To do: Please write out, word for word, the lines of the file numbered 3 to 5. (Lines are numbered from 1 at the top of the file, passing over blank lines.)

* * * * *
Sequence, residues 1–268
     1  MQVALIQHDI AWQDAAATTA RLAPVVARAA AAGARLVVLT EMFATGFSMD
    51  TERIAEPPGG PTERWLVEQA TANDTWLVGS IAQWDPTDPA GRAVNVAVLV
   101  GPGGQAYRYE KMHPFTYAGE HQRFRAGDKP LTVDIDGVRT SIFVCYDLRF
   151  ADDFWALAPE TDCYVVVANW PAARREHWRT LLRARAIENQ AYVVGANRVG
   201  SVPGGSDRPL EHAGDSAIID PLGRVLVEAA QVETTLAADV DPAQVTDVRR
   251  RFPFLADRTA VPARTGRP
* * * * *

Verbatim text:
    51  TERIAEPPGG PTERWLVEQA TANDTWLVGS IAQWDPTDPA GRAVNVAVLV
   101  GPGGQAYRYE KMHPFTYAGE HQRFRAGDKP LTVDIDGVRT SIFVCYDLRF
   151  ADDFWALAPE TDCYVVVANW PAARREHWRT LLRARAIENQ AYVVGANRVG